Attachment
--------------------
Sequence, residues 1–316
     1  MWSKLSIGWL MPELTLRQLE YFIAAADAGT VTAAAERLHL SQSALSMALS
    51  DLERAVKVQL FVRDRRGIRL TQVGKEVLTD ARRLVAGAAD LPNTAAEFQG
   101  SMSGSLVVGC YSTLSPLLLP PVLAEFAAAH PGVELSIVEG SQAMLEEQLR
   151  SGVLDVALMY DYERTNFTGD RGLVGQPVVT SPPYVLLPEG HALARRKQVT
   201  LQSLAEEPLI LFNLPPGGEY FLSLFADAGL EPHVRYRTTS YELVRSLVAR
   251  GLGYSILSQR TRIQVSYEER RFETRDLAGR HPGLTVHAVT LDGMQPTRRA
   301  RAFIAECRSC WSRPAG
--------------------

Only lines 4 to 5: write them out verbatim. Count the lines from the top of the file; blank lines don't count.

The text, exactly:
   101  SMSGSLVVGC YSTLSPLLLP PVLAEFAAAH PGVELSIVEG SQAMLEEQLR
   151  SGVLDVALMY DYERTNFTGD RGLVGQPVVT SPPYVLLPEG HALARRKQVT